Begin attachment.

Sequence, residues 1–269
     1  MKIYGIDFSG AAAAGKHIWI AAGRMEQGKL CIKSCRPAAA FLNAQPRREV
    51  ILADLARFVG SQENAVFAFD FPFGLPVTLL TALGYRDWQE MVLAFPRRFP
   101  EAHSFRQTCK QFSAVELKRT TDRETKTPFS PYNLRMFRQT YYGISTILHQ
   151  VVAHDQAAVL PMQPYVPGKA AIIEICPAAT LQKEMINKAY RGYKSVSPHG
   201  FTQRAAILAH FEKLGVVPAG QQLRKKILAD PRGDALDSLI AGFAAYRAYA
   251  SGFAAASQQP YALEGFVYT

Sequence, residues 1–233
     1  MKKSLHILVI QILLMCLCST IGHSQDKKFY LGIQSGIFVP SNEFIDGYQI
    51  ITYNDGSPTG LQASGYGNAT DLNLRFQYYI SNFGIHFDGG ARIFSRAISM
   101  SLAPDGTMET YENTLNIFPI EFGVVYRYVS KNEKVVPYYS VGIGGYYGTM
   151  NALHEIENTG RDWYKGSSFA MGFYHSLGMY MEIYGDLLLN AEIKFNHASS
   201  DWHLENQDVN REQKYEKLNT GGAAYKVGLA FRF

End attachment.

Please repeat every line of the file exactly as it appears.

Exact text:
Sequence, residues 1–269
     1  MKIYGIDFSG AAAAGKHIWI AAGRMEQGKL CIKSCRPAAA FLNAQPRREV
    51  ILADLARFVG SQENAVFAFD FPFGLPVTLL TALGYRDWQE MVLAFPRRFP
   101  EAHSFRQTCK QFSAVELKRT TDRETKTPFS PYNLRMFRQT YYGISTILHQ
   151  VVAHDQAAVL PMQPYVPGKA AIIEICPAAT LQKEMINKAY RGYKSVSPHG
   201  FTQRAAILAH FEKLGVVPAG QQLRKKILAD PRGDALDSLI AGFAAYRAYA
   251  SGFAAASQQP YALEGFVYT

Sequence, residues 1–233
     1  MKKSLHILVI QILLMCLCST IGHSQDKKFY LGIQSGIFVP SNEFIDGYQI
    51  ITYNDGSPTG LQASGYGNAT DLNLRFQYYI SNFGIHFDGG ARIFSRAISM
   101  SLAPDGTMET YENTLNIFPI EFGVVYRYVS KNEKVVPYYS VGIGGYYGTM
   151  NALHEIENTG RDWYKGSSFA MGFYHSLGMY MEIYGDLLLN AEIKFNHASS
   201  DWHLENQDVN REQKYEKLNT GGAAYKVGLA FRF